Aug 14, 2018
What makes bad guy intimidating? Tantz Aerine made a great newspost about the question, carefully outlining various key bad-guy properties like confidence, composure, efficiency, and amorality. Banes, Pitface, Tantz and I stomp ALL over that, traipsing about like drunken, muddy rugby players, as we blather on about our opinions of the idea and finish up with no idea what we're talking about...
Aug 7, 2018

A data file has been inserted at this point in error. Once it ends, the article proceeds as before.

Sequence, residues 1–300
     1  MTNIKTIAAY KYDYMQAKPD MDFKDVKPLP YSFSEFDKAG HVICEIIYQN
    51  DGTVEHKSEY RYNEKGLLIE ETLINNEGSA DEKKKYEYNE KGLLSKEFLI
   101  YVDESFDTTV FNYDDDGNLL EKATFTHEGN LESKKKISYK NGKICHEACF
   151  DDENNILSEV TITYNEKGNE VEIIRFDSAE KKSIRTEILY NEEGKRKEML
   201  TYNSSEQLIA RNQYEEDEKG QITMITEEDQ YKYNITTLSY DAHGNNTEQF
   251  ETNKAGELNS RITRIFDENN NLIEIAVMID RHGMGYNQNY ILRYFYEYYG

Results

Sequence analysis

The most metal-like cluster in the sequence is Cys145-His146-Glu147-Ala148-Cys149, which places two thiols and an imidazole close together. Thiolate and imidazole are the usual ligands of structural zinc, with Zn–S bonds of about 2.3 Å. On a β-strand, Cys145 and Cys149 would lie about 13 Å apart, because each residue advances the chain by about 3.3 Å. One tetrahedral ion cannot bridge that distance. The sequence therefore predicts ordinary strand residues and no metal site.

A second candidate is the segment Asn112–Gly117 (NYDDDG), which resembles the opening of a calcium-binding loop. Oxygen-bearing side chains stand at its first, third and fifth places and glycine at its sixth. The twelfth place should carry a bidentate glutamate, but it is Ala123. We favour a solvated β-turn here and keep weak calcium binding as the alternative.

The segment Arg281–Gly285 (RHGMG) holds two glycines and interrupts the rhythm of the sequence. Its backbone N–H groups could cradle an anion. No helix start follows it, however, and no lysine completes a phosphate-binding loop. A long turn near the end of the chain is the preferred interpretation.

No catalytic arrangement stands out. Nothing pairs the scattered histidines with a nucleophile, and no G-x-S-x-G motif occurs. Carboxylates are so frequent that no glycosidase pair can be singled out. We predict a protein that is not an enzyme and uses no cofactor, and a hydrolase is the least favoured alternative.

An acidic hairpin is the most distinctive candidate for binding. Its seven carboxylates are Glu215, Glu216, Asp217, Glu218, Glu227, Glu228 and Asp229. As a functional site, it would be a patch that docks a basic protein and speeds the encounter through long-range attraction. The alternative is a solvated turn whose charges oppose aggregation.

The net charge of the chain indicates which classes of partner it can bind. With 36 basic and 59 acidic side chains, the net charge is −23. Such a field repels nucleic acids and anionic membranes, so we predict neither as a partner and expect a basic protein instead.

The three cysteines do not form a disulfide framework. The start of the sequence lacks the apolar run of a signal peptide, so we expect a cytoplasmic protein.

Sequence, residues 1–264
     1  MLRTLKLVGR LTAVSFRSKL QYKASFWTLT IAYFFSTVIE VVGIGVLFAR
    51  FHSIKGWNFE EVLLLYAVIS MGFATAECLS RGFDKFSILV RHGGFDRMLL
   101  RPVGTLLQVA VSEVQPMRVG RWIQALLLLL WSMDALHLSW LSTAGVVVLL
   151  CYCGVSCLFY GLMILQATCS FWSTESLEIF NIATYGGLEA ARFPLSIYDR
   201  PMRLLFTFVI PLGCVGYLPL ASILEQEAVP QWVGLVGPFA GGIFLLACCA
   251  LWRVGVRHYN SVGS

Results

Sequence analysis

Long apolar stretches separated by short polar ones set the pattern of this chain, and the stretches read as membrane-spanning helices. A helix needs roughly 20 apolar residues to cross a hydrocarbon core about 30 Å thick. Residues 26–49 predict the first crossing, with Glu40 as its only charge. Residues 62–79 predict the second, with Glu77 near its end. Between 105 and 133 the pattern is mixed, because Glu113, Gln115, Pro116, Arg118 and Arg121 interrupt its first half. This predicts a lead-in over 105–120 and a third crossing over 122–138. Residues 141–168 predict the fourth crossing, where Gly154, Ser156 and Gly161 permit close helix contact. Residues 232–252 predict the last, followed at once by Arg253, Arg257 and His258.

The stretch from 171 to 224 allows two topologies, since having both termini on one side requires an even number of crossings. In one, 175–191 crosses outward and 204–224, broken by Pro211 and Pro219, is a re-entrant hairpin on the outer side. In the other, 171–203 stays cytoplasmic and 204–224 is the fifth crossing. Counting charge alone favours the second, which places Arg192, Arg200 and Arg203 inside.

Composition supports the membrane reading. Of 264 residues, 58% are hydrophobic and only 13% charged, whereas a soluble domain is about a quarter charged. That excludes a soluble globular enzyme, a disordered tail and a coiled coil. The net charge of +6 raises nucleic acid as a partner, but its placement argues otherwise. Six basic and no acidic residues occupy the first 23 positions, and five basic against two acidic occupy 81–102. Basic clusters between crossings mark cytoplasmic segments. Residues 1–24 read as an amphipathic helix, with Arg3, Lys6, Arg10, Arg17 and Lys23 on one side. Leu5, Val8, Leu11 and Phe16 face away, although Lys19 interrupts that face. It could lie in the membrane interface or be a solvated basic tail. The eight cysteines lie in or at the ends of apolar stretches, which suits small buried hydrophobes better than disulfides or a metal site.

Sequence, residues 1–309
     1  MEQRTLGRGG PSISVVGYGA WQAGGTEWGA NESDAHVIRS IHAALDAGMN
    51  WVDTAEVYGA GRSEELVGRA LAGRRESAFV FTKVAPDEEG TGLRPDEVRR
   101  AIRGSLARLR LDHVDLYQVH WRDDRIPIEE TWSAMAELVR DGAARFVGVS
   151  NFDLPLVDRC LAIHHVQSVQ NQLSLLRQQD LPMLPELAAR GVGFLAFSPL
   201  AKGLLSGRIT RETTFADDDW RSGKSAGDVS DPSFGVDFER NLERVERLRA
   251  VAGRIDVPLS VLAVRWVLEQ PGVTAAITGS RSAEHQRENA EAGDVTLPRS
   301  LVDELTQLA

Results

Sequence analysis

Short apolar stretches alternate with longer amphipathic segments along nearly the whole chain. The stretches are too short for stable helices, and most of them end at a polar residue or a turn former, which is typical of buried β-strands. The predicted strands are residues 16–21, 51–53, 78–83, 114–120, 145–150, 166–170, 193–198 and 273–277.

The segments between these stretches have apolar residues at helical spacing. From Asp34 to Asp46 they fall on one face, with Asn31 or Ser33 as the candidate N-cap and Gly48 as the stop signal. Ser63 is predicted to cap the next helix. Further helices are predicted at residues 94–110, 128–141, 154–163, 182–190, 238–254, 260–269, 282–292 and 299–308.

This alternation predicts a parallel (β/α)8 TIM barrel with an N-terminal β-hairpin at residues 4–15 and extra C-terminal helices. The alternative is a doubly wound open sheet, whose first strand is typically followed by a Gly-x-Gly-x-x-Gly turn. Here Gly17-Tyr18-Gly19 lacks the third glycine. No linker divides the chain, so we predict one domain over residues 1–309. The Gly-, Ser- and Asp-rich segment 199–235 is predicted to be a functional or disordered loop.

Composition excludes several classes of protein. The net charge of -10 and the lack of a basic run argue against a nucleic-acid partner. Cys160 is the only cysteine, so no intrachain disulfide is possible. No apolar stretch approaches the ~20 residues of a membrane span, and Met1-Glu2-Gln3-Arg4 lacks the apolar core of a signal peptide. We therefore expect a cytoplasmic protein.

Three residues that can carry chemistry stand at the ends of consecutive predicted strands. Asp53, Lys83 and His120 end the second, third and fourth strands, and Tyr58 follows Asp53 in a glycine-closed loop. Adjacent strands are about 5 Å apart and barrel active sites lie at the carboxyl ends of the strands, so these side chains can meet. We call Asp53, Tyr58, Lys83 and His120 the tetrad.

In this Quackcast Tantz and I chat about the differences between working with historical settings and the different approaches we take. Tantz's comics (Without Moonlight and Brave Resistance), are both set in a real period of history: Nazi occupied Greece during WW2. Pinky TA is set in the 1920s in an alternative version of history, with Pinky coming from the fictional “Crimean Empire”. Tantz has to keep times, places, and details close to real history while with Pinky TA I can pick and choose the things from history I like the best and create my own idealised pastiche. The advantage of Tantz's approach is that everything is there, nothing has to be invented, just researched and reproduced, whereas my approach involves a lot of creation which slows things down and makes it harder. On the upside Pinky TA is much more flexible, I can easily fit whatever I want into the story, whereas Tantz's comics are bound by the rules of the history she's presenting.